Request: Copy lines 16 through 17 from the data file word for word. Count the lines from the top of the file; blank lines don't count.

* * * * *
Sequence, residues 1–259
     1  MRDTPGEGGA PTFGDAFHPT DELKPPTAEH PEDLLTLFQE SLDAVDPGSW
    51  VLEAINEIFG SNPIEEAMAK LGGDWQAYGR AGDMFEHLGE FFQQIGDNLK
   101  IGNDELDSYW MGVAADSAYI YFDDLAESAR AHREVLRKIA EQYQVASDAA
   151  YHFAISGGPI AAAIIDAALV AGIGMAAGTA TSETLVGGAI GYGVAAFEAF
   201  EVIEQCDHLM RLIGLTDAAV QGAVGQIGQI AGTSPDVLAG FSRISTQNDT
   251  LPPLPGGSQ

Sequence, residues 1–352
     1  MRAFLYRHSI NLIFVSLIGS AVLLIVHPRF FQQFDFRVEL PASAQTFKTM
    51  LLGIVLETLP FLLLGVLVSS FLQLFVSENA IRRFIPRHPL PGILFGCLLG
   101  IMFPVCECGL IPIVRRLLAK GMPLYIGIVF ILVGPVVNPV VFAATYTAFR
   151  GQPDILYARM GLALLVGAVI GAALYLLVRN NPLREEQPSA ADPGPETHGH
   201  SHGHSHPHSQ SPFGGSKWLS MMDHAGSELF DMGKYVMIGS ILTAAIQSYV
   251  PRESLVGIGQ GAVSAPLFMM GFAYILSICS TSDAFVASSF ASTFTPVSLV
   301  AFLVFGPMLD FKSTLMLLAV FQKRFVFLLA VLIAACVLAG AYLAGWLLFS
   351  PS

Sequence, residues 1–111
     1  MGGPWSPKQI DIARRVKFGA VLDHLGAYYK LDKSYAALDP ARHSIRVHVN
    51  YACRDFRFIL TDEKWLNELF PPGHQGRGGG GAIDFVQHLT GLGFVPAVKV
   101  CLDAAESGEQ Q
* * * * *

   351  PS

Sequence, residues 1–111